The Airborne Tactical Advantage Company, otherwise known as ATAC, has made another large leap in the commercial adversary support marketplace with the addition of the captive training AIM-9M Sidewinder to their fleet’s quiver.
In the past, ATAC pilots would only be able to attempt a 180′ turn after the merge when training against fleet aircraft. Only if they found themselves in the very heart of an infra-red missile shot envelope could they “call” a shot/kill. Such limitations, along with the fact that they are flying aircraft designed in the 1950s, left the already highly disadvantaged Kfir pilot in a fairly futile battle, especially against aircraft sporting fly by wire controls, high thrust to weight ratios, and even worse, helmet mounted cueing systems and high-off bore-sight capable AIM-9Xs. Basically, ATAC Kfirs, although packing a lot of electronic warfare capability around at very high speed, were relegated to mimicking a 1960’s level of within visual range air to air engagement technology. Now that they are cleared to carry a captive training AIM-9M they can represent a much more prevalent and robust threat, one that is capable of all aspect IR missile engagements, including “face shots,” which occur before or at the merge.
The USAF, and other US air arms, have learned the hard way that a small 40 year old MiG-21, packing a high-end self-escort jamming pod and capable all-aspect infra-red guided missiles, can be just as deadly as a SU-30MKI during a chaotic air to air engagement. During exercises like “COPE INDIA” the hard to spot and electron spewing MiG-21s could sneak right up during the fog of battle and take out a mighty F-15C Eagle. Tactics and training have thus changed to prepare pilots for such asymmetric air to air threats.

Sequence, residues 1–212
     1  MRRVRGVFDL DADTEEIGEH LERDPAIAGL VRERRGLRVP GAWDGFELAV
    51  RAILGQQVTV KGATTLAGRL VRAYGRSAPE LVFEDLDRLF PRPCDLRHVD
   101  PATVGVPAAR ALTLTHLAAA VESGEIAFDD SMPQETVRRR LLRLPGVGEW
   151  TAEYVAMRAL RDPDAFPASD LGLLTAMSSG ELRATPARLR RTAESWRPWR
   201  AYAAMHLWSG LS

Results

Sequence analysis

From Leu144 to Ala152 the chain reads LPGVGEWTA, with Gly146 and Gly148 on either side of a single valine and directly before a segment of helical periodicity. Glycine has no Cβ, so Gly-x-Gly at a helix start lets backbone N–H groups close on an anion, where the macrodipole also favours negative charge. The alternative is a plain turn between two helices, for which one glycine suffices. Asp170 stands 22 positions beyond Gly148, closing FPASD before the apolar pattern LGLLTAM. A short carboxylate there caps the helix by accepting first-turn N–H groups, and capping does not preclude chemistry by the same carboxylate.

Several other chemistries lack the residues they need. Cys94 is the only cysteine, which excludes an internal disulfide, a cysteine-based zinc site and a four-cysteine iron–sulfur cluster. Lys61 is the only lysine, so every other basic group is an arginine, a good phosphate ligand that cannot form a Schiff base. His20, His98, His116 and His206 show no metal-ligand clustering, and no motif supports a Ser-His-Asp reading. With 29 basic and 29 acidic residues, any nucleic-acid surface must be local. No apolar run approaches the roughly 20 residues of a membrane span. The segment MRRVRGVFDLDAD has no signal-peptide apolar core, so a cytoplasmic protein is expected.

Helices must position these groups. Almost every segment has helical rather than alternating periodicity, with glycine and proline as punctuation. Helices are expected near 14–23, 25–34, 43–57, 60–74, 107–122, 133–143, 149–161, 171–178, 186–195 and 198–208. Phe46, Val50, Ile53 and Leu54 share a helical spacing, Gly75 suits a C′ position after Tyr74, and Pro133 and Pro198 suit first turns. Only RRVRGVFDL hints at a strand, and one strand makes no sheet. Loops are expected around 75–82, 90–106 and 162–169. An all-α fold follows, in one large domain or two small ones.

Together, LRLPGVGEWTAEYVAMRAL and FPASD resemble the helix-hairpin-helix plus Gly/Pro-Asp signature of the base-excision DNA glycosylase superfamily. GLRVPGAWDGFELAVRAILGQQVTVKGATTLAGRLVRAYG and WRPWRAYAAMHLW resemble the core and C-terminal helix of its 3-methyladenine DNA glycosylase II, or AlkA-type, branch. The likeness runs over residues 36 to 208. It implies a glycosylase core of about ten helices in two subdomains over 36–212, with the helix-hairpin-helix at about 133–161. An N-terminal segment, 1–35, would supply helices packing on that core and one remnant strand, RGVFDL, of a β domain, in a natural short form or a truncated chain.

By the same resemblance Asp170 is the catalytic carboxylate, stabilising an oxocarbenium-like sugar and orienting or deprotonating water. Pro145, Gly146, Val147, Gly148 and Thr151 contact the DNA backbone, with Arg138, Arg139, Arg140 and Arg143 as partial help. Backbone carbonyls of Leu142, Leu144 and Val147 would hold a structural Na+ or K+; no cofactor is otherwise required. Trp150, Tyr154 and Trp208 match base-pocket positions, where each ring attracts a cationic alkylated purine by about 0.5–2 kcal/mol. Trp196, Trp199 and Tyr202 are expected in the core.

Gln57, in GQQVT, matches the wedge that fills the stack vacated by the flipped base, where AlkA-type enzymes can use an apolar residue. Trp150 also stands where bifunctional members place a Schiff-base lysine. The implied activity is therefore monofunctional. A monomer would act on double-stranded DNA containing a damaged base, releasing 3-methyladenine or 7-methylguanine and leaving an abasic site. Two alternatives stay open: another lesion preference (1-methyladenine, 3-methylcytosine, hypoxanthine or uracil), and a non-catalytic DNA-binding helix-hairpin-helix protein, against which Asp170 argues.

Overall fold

Designed by western standards and packing significantly more range (Kfirs can fly for almost three hours with external tanks!) compared to modified MiG-21s, the advanced jammer and all aspect infra-red missile toting, mach 1+ ATAC Kfir, may only be seen by a fleet aircrew once it’s too late, thus punishing the opposing aircrew’s mistake by virtually killing them. Having your $65M Super Hornet swatted out of the sky by a rudimentary delta wing antique may be a hard pill for a young fighter pilot to swallow, but these are exactly the tough lessons that need to learned in training, not in combat. As such, ATAC will be delivering a very real and relevant threat simulation for our fleet Naval Aviators and Naval Flight Officers to counter should the occasion arise, and one day it probably will.
The DoD should get wise and start ordering more private adversary support flight hours and capabilities. It saves the US tax payer money and only makes our front line air crews and radar operators more honed for battle. Additionally, the DoD would be nuts to send up a pair of F-35s for basic intercept training when the same job could be done by an ATAC Hunter or Kfir at a tiny fraction of the cost. As the DoD’s fifth generation dream (or fiscal nightmare?) comes to fruition it will prove economically impossible to burn cherished 5th generation airframe hours, at double the cost to operate than the aircraft they replace, just to provide radar targets for another guy in another F-35. Plus, when you give someone a total disadvantage, such as pitting a F-35 vs an antique Israeli knockoff of a Mirage III/V fighter, creativity can come into play as to how to use “asymmetric” tactics to give the F-35s a run for their money. In other words, it allows for the outgunned adversary to truly think and fight like a potential enemy. The addition of the AIM-9M to ATAC’s playbook will help them do just that.
Hopefully this investment in commercial adversary support providers capabilities will continue, and next we may see ATAC’s impeccably maintained Kfirs and Hunters sporting an infra-red search and track (IRST) sensor and maybe a radar set sometime in the not so distant future…
ATAC’s website: http://atacusa.com/